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5 January 2018updated 01 Jul 2021 1:15pm

Should you freak out about the Apple flaws affecting all Macs and iPhones?

Plus, what you can do to protect yourself. 

By Amelia Tait

This morning when you woke up and instinctively grappled for your iPhone like a baby reaching out for the comfort of its mother’s finger, you probably saw an alarming piece of news.

All iPhones, iPads and Macs are currently affected by two major flaws in the computer chips Apple uses.

These flaws – named Meltdown and Spectre – could allow hackers to steal your sensitive data. As far as the security flaws go, they’re big ‘uns, but Apple is assuring consumers that there is no evidence these vulnerabilities have been exploited yet.

Which is all very well and good, but what does this mean for YOU? Is it Freak Out O’clock?

Are only Apple devices affected?

The Meltdown and Spectre flaws are found within computer processors – basically the main chip in a computer. They have been found in chips made by Intel and ARM and the industry has been aware of the issue for a while, but Apple specifically has hit the headlines today because it wrote a blog explaining the issue and declared “All Mac systems and iOS devices are affected”. In reality, nearly all computers worldwide are affected.

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However Apple Watch isn’t affected by Meltdown, which is nice for… some of you guys, somewhere out there, we guess.

OK, but what exactly are Meltdown and Spectre, apart from names for an up-and-coming YA series about an ordinary girl with the weight of the world on her shoulders?

If you boil it down, add some salt, and then boil it down again, these flaws in essence allow hackers to read sensitive information from your computer’s memory – meaning they could access your passwords, card details, and even key strokes (the keyboard keys you’ve been pressing and the order you’ve been pressing ‘em in).

The two flaws are of course endlessly more complicated than this in practice, and can be exploited in different ways, with Spectre being the most difficult for hackers to take advantage off. Daniel Miessler, a security professional from San Francisco, has written a handy explanation of the precise differences between Meltdown and Spectre.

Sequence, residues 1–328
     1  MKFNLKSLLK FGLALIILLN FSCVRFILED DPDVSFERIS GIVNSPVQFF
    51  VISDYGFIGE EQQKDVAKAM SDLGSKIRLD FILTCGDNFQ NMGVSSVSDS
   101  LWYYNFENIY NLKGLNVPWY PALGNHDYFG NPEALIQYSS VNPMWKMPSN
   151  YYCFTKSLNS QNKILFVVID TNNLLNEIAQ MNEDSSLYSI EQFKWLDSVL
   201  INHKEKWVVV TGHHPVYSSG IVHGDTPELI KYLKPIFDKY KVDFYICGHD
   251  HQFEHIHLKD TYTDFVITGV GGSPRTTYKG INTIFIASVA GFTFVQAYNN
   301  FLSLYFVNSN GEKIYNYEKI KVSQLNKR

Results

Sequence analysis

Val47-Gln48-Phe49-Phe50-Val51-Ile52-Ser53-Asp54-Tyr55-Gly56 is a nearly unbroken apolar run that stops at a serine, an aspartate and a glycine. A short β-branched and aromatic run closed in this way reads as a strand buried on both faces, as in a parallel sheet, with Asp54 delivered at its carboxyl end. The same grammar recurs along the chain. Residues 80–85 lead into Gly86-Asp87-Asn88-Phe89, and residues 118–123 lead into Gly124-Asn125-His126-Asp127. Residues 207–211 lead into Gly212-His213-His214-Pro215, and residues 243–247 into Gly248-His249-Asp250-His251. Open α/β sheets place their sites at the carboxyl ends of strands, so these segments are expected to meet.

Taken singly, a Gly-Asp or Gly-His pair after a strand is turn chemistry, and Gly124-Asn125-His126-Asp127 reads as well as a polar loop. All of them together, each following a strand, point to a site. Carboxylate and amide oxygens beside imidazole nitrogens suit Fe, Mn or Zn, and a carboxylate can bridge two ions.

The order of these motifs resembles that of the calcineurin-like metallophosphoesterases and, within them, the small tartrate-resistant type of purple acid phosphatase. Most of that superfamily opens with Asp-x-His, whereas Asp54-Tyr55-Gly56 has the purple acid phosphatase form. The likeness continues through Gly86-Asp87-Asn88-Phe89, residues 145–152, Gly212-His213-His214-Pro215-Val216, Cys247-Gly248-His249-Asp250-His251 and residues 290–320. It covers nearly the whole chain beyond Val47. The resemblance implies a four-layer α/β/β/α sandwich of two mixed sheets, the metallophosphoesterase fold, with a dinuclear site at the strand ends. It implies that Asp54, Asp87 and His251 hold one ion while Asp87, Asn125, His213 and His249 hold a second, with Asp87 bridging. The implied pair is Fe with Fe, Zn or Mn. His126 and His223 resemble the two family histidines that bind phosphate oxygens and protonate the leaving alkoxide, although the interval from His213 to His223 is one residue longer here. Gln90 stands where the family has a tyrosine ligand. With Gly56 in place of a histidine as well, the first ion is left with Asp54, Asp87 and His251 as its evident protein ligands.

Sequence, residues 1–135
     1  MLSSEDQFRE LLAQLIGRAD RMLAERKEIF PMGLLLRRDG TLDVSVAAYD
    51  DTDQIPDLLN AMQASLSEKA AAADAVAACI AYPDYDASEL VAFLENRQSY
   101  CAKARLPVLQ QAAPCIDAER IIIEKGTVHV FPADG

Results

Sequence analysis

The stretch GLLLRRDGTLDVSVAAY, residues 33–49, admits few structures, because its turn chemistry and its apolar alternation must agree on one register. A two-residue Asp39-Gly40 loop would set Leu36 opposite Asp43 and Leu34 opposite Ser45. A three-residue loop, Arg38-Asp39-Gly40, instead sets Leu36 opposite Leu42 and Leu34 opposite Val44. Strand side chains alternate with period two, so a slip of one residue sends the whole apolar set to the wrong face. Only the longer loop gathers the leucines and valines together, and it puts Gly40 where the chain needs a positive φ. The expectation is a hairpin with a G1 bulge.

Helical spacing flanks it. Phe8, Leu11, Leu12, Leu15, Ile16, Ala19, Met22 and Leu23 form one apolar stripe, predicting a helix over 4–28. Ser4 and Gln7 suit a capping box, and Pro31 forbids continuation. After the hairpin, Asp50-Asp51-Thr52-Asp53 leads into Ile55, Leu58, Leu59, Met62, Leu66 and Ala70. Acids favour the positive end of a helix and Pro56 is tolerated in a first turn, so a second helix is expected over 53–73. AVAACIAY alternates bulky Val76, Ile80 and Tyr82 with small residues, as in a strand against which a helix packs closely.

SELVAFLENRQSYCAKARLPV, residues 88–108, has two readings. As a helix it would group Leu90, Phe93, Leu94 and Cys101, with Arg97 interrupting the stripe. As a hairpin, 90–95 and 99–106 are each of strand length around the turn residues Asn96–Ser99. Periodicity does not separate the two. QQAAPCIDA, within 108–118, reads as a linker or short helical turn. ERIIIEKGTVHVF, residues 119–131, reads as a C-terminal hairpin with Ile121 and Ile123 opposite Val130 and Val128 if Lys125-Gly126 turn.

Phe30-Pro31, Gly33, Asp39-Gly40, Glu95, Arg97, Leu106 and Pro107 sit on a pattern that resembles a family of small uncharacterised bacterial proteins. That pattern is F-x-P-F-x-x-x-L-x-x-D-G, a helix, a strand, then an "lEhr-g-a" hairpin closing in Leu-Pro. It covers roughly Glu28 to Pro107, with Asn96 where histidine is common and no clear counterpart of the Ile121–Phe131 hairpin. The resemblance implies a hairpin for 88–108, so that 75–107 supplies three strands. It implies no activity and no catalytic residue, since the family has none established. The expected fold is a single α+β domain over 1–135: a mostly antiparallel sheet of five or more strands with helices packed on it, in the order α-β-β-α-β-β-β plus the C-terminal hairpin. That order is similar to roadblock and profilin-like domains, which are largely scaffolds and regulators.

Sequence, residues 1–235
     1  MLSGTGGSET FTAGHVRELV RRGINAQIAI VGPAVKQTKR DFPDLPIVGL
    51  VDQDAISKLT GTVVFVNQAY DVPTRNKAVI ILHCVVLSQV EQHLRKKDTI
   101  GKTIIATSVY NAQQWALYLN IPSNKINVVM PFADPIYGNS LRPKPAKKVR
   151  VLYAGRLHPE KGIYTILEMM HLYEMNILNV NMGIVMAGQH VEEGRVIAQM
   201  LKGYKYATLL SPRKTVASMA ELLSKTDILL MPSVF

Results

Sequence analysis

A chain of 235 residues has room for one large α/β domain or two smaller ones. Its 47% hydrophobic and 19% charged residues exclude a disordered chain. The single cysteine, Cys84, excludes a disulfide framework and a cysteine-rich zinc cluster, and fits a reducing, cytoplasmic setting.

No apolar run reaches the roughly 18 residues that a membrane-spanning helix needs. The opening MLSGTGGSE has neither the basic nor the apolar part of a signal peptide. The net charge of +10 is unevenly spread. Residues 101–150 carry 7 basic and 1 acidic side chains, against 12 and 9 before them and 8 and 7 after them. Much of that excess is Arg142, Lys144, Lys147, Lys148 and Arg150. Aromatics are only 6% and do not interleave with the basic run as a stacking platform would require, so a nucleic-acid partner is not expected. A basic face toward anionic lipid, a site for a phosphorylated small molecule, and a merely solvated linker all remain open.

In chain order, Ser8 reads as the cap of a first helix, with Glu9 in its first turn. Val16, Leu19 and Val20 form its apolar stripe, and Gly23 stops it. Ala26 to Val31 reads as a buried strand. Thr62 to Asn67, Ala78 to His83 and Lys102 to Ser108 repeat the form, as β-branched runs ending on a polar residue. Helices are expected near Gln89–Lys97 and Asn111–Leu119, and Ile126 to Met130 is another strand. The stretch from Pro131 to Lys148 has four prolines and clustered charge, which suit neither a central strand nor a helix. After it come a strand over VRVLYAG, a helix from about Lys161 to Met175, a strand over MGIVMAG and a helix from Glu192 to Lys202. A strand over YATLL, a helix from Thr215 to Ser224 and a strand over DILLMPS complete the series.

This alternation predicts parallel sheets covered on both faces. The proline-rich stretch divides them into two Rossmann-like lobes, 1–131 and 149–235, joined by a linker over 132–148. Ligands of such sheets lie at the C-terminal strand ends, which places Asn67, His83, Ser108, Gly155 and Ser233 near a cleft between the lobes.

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Yeah, I didn’t really want to know all that. What I really want to know is WHAT DO I DO?

Apple has advised that you only download software from trusted sources, so if you’re on your iPhone, for example, don’t downloading anything that’s not from the App Store. Apple have also released patches to protect users, so it’s important to update your devices so they’re running the latest iOS (iOS 11.2) by going to Settings > General > Software Update and latest macOS (High Sierra 10.13.2) here.

The National Cyber Security Centre (NCSC) has released guidance clarifying that the flaws are also exploitable from web browsers, so they advise to “take care when executing any untrusted code, including JavaScript on web pages”.  

And what is Apple doing to fix this? I WAS TOLD BY APPLE CAREEEE!!

In its blog post, Apple says it has released “mitigations” to defend against Meltdown, and are releasing those against Spectre in the next few days.

I’m still not sure if I need to freak out…

Listen, this is a big deal – and now it has been publicised in such a large way, there are potentially more opportunities for people to start exploiting it. Still, the NCSC says the vulnerabilities haven’t been exploited yet.

All that big-deal-oh-shit-oh-shit stuff aside, there’s nothing you can do about this so you may as well calm down (no offence, my friend, your talents are many and varied in other areas). So that said, UPDATE THE SOFTWARE ON YOUR DEVICES RIGHT NOW, and go for some damn lunch. 

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